Volcano (1997 film) VS Reality

Geographical location of Los Angeles

Lavic Lake volcano and Amboy volcano are the two volcanoes situated in the area of Los Angeles, and they are both dormant volcanoes. Volcanoes are usually located where there is a source of magma, and usually these areas are at a plate boundary - where there are a lot of faults and earthquakes. The San Andreas Fault is an example of a place where there are lots of faults and earthquakes as plates slide past one another.

Rocks tend to melt more when one plate slide under another, and this kind of activity happens further north in Oregon and northern California, which is why there are more active volcanoes there. Los Angeles and southern parts of California might suffer from a lot of earthquakes (as it is close to the San Andreas Fault), but are not likely to be affected by volcanic eruptions as it isn't near or on any fault lines or tectonic boundary lines.

Source: http://www.laalmanac.com/geography/ge07.htm, http://www.volcanodiscovery.com/california.html

Geographical location of Mt. Nyiragongo

Mt. Nyiragongo is an active composite volcano and its main crater is about 2km wide and usually contains a lava lake. Its lava lakes had been the most voluminous and the maximum elevation of the lake has been recorded to be about 3250m.

Volcanic eruptions in the area is usually caused by the split of the Earth's crust where two parts of the African plate break apart. The area is also a volcanic hot spot, which is also responsible for the numerous amounts of eruptions. A hotspot is a region than constantly experiences volcanic activity, where lava pushes up from under the mantle to create a volcano, generally caused by rising mantle plume.

The lava from Mt. Nyiragongo is made up of melilite mephelinite, which is a type of rock rich in alkali, resulting in the lava being a fluid. By being unusually fluid and its extremely low silica content, the lava flow of Mt. Nyoragongo moves extremely fast - it could go up to 100km/hr.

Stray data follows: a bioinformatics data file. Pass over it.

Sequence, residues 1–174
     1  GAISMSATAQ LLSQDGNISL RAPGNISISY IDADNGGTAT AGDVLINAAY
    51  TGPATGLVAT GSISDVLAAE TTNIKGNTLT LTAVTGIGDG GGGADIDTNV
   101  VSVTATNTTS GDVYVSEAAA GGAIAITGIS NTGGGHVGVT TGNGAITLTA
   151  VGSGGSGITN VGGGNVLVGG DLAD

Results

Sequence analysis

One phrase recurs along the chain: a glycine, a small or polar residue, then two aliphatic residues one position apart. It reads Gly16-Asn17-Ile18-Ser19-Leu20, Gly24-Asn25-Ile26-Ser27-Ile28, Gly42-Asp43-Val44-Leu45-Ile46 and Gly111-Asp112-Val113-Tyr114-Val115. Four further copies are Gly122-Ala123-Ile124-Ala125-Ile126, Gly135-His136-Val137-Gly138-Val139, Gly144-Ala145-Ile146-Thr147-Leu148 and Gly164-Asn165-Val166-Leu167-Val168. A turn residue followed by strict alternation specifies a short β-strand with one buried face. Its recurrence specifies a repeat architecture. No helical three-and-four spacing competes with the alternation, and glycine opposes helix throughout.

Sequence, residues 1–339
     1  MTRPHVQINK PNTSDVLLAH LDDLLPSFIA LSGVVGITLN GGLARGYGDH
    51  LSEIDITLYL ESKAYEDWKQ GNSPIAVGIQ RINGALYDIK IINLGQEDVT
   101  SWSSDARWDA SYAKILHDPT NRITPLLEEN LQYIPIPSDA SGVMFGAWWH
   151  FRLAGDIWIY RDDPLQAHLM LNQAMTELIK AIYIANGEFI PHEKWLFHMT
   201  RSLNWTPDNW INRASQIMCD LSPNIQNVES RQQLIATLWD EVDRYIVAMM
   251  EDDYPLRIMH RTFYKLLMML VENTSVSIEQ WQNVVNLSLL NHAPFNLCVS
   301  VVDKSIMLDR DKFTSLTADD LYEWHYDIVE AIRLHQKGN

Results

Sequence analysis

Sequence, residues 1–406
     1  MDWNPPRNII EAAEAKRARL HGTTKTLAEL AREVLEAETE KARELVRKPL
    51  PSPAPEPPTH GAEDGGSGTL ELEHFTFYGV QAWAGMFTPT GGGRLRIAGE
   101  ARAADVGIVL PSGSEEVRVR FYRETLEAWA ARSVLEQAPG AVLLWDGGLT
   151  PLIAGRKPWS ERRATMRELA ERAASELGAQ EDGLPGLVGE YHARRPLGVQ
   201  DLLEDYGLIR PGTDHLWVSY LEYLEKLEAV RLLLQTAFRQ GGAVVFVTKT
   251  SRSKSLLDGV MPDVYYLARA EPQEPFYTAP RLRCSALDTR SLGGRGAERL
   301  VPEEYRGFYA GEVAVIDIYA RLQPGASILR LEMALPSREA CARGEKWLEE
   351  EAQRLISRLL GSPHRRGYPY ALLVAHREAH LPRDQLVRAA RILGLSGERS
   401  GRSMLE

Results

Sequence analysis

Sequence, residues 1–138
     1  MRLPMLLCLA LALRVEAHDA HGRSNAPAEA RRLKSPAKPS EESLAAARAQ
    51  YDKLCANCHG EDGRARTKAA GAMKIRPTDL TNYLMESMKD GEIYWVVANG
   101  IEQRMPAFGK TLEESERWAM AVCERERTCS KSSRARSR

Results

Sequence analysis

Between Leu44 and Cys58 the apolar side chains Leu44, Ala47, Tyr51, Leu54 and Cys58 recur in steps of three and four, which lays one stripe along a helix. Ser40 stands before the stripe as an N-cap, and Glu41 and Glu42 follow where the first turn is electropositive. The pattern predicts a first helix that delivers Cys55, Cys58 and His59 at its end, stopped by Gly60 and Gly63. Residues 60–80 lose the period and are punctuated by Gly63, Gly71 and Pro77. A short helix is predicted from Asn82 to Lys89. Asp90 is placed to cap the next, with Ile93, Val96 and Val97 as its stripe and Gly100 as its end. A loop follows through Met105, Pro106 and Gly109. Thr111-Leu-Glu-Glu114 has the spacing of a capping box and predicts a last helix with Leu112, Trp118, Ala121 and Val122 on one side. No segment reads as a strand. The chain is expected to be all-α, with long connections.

Shown on the picture on the right are the African plates and fault lines. Mt. Nyiragongo is right on top of a fault line, explaining its great and constant volcanic activities.

Source: https://en.wikipedia.org/wiki/Mount_Nyiragongo

Volcanic Eruption Case Study

Volcanic eruption: Nyiragongo (Active Volcano)

Nyiragongo is an active stratovolcano located in the Democratic Republic of Congo, an area of many faults in the tectonic plates as they are constantly being stretched as they move away from each other. This particular eruption happened on 17 January 2002. A lava lake was formed in its crater and there were fissures on the south side of the volcano. The lava was approximately flowing at 60km/h, flowing straight into the city of Goma and significantly affecting the citizens living there.

Social impacts:

  • Many homes and land were destroyed by the sudden eruption of ash and lava
  • 45 people died in the first 24 hour of the eruption
  • The lava flow caused blockage of roads and stopped people from reaching particular areas in the city
  • The eruption caused the spread of cholera due to the lack of hygiene and sanitation
  • 14 villages were destroyed
  • Around 50 people were killed due to the explosion of fuel

Economical impacts:

  • 350,000 people in Goma were dependant on aid provided by other countries one month after the eruption
  • Many people lost their businesses and jobs
  • Aviation fuel stores exploded when the lava flow destroyed the airport

Environmental impacts:

  • Lava covered 15% of the city and destroyed 30% of Goma
  • If the lava had reached Lake Kivu, carbon dioxide and methane could be release from the floor of the lake

Source: http://www.bbc.co.uk/education/guides/zvnbkqt/revision/3